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Determining the identity of an organic unknown

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Assessed practical Debbie Siobhan Warner November 2002 Determining the identity of an organic unknown When supplied with a organic unknown there are many ways of determining its identity and it is important to use as much information as can be gained to work out the identity of an unknown as many are very similar in physical properties, chemical properties and/or chemical make up. In this experiment I will be using a flow chart to identify the functional group that the unknowns contain, and once I have suggested this I will then use spectra given to me to determine what the identity of the organic unknown is. I have been told that the organic unknown, will one of the following functional groups: Alcohol's Probably the most common of these functional groups is the "-OH" group, which is known as the hydroxyl group. It is NOT the hydroxide ion, OH1-, as it does not have a charge. The dash in front of the OH stands for a single covalent bond, which is what will be formed between the oxygen and a carbon atom. An aliphatic hydrocarbon that has one hydroxyl group attached to a carbon is called an alcohol. ...read more.


Ants inject formic acid into their victim whem they bite them. The next in line is, of course, ethanoic acid, CH3COOH. Notice the ending, -oic, to the IUPAC name, and -ic, to the common name. There are some very important organic acids, and one of the most important is ascorbic acid, better known as Vitamin C. The generic formula is R-(COOH)x Why are these compounds acids? Well, they must be able to produce at least one hydrogen ion when they are put into solution, since that is the general definition for an acid. Even though these organic acids may contain quite a few hydrogen atoms in the molecule, only select hydrogens are able to be "ionized" or turned into hydrogen ions. These "select" hydrogens are those in the carboxyl group (-COOH) The presence of one or more of these groups, therefore, causes the compound to belong to the organic acids. Ester An ester results when there is an oxygen atom between two carbons in the chain. The simplest is dimethyl ester, which has the same molecular formula as ethanol. The way the formula is written to show the ester, rather than the alcohol, is CH3OCH3. There are two other esters of interest, ethylmethyl ester and diethyl ester. ...read more.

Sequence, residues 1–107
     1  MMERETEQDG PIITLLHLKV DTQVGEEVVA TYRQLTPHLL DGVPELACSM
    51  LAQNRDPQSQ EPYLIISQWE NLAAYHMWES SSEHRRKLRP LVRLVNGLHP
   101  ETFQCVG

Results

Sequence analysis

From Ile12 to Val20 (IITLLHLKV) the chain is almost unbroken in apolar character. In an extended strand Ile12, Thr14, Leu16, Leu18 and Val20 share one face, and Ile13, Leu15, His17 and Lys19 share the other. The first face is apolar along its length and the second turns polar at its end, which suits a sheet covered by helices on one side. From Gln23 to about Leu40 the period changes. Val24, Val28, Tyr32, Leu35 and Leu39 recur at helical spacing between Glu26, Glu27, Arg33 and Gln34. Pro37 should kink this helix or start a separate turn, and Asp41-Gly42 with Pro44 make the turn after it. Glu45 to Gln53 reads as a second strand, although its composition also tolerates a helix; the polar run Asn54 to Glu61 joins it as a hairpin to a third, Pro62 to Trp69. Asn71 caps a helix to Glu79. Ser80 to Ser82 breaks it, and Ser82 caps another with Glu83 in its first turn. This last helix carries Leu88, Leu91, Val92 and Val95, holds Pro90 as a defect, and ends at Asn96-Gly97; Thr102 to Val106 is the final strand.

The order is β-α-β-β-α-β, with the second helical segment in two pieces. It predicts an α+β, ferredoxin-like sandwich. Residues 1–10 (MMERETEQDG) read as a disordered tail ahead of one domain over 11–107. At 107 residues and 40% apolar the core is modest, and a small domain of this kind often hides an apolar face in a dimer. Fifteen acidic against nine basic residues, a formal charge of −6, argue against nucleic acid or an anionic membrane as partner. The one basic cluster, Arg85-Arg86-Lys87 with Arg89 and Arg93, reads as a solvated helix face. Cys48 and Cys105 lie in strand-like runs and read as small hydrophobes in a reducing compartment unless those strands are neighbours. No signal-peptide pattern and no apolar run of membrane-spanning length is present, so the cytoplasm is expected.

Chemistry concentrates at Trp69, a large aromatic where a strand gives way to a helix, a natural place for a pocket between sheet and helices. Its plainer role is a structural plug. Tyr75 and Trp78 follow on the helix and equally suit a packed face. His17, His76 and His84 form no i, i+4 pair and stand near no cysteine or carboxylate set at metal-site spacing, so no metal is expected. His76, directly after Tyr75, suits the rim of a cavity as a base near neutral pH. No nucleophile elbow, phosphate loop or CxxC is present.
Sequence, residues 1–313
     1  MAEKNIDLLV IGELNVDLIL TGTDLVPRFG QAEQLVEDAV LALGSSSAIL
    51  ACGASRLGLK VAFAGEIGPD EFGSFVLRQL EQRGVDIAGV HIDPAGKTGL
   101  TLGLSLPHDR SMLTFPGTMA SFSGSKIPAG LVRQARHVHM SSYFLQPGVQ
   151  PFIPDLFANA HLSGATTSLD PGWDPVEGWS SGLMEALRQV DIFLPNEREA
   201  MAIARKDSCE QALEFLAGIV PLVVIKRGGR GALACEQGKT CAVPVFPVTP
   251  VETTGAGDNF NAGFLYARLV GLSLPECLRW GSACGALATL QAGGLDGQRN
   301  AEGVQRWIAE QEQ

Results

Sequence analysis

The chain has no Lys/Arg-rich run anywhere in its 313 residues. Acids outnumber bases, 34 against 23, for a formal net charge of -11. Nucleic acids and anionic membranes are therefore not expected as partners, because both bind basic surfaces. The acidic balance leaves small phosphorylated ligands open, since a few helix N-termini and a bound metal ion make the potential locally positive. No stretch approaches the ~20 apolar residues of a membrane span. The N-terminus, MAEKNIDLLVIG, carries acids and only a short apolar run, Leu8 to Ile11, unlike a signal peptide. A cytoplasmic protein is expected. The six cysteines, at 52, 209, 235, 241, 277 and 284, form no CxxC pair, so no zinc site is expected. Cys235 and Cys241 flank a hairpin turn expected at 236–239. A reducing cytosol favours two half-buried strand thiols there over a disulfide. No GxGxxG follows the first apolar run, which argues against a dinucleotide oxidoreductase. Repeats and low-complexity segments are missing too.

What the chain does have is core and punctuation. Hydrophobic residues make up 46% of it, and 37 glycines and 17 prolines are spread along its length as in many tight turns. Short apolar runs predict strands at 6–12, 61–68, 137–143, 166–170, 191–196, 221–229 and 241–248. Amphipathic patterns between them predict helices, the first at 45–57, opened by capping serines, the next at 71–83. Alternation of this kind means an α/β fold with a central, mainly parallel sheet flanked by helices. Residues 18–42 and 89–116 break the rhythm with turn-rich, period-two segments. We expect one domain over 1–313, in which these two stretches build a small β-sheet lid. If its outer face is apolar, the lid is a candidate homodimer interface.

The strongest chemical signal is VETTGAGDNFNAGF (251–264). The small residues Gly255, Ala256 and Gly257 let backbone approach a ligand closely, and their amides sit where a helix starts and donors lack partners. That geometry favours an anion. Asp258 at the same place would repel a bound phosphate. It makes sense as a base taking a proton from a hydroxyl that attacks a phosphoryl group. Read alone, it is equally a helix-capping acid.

This is because not only does its physical properties fit those described in text books it also has the right structural formula to fit with the spectropic data provided. benzaldehyde benzaldehyde or benzenecarbonal , C6H5CHO, colourless liquid aldehyde with a characteristic almond odour. It boils at 180�C, is soluble in ethanol, but is insoluble in water. It is formed by partial oxidation of benzyl alcohol, and on oxidation forms benzoic acid. It is called oil of bitter almond, since it is formed when amygdalin, a glucoside present in the kernels of bitter almonds and in apricot pits, is hydrolysed, e.g., by crushing the kernels or pits and boiling them in water; glucose and hydrogen cyanide (a poisonous gas) are also formed. It is also prepared by oxidation of toluene or benzyl chloride or by treating benzal chloride with an alkali, e.g., sodium hydroxide. Benzaldehyde is used in the preparation of certain aniline dyes and of other products, including perfumes and flavourings. Evaluation Overall I feel this experiment went very well as I was able to determine both the functional group present and then with the aid of specropic data the exact compound. I carried out the experiment safely following all guideline set in my method. The only test that could have been performed more accurately was the test for an alderhyde that did not produce a silver mirror. ...read more.

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